Choosing the right puppy

11th February 2017

As Bark Busters dog trainers, we find that the New Year is a busy time for puppy training. If you are thinking of getting a puppy it is worth taking time to think about and prepare yourself for what you are taking on, and to make sure that the puppy you buy is right for you and your family. Having the right dog, properly trained, will bring you joy for years to come.

There are several factors to consider when choosing a puppy. Consider the breed you are thinking of and be sure that you can handle its size, temperament, and the amount of exercise it will need as it grows into an adult dog. Some of the registered breeds can be prone to known medical conditions so check these out before you go ahead. A cross-breed can be excellent but unless you know the size of the parents it is sometimes difficult to know how large the dog will become.

How to identify the right breeder
Talk to and visit breeders. Always buy your puppy from a reputable breeder that specialises in only one or two breeds. A reputable breeder should check your situation before allowing you to take one of the litter. They will need to know whether you have a secure garden, what time you have available for training, how much time will the dog spend home alone etc.

Make sure you can visit their premises and see the mother, and where possible the father, with the puppies. If you go to a domestic property to view a puppy, make sure that the puppies and their mother live together, and that the house has signs of dogs living there. There have been some terrible stories recently about puppy dealers, so make sure you are 100% confident that the person you are buying from is an ethical and licensed breeder or a reputable rescue centre.

As well as seeing the mother of the puppies it's advisable to see the father too. The temperament of both mother and father must be sound and of a good nature. Your puppy will inherit some of their temperament traits.

Never take a puppy under 8 weeks old if offered, as puppies need to stay with their mother and siblings for those first crucial weeks whilst they learn to interact and communicate with other dogs. This will help to avoid behaviour problems in the future. Whilst you are viewing the puppies, always try to see the whole litter at play, and be mindful that the puppy sitting on its own away from the rest of the litter may have some temperament issues that may be difficult for a first-time puppy owner to address. Similarly, the puppy that is confident and comes bounding over to you may be challenging as he likes to make his own decisions! Try to choose a puppy that best reflects your personality.

Choosing the puppy to suit your personality
The best puppy to choose would be the one who is playing with his siblings but not being too rough. If you pick him up and he is happy to be cuddled without mouthing too much or wriggling to get away, then that could be the puppy for you. If you feel that you would like two puppies to be company for each other, choose a male and a female, as that mix of a male and a female is far more compatible, than two of the same sex. If you really want two of the same sex, then, providing you are going to have them de-sexed, two males are preferable to two females, as in our experience, females are the more prevalent types we deal with when called in to address problems such as Sibling Rivalry.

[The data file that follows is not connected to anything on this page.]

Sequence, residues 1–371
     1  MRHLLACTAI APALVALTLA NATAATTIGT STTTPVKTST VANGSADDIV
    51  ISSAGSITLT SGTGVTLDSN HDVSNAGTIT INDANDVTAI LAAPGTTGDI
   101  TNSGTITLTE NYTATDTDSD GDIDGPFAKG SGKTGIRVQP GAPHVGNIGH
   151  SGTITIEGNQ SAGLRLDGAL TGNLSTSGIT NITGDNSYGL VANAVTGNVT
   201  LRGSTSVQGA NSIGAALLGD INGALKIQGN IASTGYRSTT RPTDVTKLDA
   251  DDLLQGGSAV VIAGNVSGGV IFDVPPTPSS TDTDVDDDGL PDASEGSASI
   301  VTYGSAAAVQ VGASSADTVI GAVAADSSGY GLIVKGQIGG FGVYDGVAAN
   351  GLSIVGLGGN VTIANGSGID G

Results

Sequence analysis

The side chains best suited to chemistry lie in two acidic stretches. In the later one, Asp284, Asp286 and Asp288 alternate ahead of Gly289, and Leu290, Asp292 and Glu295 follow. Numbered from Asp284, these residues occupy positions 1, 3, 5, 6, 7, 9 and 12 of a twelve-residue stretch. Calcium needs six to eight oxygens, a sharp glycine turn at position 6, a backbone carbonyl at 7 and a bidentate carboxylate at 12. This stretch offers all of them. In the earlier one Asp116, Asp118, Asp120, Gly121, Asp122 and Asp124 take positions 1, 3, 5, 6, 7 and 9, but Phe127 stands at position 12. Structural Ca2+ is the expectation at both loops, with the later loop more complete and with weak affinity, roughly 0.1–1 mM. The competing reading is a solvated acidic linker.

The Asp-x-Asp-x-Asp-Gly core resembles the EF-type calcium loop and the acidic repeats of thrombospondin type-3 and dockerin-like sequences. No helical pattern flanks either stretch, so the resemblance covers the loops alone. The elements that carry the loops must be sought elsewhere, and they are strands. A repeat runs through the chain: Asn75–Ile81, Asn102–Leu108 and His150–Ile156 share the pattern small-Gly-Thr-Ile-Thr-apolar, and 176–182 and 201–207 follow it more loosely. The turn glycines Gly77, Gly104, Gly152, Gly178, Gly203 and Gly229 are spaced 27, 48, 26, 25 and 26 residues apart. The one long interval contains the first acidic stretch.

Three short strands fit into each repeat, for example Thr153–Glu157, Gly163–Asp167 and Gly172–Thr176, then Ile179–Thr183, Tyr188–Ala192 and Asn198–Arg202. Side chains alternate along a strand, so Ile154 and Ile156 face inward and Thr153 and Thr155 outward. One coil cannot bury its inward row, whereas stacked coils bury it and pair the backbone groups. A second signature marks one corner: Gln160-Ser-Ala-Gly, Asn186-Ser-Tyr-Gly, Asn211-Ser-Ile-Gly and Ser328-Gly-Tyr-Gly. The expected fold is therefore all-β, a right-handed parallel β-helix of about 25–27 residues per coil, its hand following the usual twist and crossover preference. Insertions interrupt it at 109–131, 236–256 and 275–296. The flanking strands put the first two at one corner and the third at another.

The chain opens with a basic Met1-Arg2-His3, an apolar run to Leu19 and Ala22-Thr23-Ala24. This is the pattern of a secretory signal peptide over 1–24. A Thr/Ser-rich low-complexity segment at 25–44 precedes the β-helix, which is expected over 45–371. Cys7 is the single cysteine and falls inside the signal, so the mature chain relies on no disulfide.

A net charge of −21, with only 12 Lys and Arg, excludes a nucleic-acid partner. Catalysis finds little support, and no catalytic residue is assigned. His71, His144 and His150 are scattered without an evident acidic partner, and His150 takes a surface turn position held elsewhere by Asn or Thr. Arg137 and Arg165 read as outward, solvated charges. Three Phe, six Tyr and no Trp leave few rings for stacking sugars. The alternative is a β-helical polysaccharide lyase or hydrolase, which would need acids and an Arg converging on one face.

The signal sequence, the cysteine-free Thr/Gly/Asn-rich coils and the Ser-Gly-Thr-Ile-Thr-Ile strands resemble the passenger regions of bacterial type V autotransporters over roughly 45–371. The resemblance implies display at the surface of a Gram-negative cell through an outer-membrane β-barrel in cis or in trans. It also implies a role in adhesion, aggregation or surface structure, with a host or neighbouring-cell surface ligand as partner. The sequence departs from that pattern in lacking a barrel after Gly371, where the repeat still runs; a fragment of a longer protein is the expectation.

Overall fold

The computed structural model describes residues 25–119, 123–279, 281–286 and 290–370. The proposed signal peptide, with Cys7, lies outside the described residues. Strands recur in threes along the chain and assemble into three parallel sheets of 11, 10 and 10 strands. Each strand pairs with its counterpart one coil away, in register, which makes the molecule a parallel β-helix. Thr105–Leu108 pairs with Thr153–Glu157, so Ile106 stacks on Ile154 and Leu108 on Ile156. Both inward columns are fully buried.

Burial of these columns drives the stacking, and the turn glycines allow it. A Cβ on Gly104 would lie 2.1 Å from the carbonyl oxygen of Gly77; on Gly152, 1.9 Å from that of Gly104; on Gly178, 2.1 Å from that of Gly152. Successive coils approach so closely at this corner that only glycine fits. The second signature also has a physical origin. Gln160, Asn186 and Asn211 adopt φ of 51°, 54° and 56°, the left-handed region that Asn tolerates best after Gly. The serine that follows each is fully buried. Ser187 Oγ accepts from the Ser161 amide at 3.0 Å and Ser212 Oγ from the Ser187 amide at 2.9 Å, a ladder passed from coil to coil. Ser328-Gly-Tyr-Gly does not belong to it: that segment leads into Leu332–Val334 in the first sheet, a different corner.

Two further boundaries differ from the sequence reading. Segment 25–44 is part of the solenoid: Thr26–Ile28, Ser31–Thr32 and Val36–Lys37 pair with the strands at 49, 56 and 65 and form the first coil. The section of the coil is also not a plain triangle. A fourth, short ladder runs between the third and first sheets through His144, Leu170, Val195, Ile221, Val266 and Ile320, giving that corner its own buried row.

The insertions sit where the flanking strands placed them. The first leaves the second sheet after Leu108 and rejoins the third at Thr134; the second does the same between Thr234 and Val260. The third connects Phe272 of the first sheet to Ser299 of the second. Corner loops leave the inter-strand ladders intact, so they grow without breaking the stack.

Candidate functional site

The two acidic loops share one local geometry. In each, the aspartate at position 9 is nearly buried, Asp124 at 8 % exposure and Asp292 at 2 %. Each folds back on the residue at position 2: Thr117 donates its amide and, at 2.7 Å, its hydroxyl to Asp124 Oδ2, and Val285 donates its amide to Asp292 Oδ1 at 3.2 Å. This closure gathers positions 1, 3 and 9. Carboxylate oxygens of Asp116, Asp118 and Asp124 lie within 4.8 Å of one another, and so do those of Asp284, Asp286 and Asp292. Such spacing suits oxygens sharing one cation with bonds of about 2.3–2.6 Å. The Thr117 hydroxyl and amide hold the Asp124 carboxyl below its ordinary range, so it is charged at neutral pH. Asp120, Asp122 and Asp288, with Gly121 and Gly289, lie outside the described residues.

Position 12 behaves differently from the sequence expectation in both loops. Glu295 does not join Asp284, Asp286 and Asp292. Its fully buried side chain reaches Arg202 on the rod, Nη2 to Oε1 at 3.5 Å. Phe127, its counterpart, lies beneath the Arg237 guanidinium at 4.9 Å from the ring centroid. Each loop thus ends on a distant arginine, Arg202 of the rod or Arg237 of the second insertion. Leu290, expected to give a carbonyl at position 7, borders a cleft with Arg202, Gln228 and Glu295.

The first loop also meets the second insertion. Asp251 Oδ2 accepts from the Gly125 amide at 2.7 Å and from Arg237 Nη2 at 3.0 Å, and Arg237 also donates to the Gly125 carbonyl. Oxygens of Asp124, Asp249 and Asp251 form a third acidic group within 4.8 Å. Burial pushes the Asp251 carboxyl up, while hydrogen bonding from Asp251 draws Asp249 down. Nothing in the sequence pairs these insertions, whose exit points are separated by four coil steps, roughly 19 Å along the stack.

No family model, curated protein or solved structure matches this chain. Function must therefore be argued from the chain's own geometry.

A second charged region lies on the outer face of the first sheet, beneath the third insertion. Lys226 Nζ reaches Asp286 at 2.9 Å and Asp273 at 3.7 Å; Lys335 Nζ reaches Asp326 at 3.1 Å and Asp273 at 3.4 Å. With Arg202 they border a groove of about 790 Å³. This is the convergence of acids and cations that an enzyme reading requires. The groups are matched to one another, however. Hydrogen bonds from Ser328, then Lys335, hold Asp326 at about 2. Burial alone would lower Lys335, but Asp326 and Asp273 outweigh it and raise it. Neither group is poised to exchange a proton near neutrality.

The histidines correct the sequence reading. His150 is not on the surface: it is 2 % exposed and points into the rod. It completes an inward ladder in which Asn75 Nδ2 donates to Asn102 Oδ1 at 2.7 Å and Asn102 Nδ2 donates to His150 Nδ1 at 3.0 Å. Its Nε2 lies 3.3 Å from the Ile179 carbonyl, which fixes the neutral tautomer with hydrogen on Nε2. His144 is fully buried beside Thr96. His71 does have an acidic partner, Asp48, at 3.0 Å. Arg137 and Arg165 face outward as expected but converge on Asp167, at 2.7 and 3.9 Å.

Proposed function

Bringing a new puppy home
When you bring your puppy home, be mindful that the puppy will be unsure and scared when taken away from its mother and siblings. Be prepared for crying and whimpering and be patient. He will need somewhere small, dark and cosy to sleep, and will preferably have a small toy or blanket brought with him to remind him of his litter-mates. Our crate training article may help.

Ensure that you register your puppy with your vet and start the course of injections as soon as possible. Also, be aware of the laws surrounding identification and speak to your vet about microchipping as it is now compulsorily in the UK.

A free WaggTagg™ dog identification tag is provided with each Bark Busters Home Dog Training package.

One of the main concerns we hear about puppies is toilet training. Puppies will have lots of accidents but they won’t toilet in your house on purpose or to spite you! As with everything with puppies, this issue needs consistency and perseverance. Be prepared to go outside with your puppy in all weathers on a regular basis whilst you encourage him to toilet outside. A lot of hard work and consistency in the first few weeks will pay dividends in the long run.

Puppy training to suit your needs
If you need assistance in settling or training your puppy, Bark Busters has a training programme that will suit you and we will be happy to help you understand your puppy and why it does the things it does.

This information is brought to you by Bark Busters in the interest of good puppy management.

Bark Busters trainers have trained more than 1 Million dogs worldwide and are renowned authorities in addressing dog behaviour with all-natural, dog-friendly methods. Bark Busters training is the only service of its kind that offers International guaranteed lifetime support. With hundreds of trainers around the world, Bark Busters continues its mission to enhance the human/canine relationship and to reduce the possibility of maltreatment, abandonment and euthanasia. Contact your local Bark Busters dog trainer to see how they can help.

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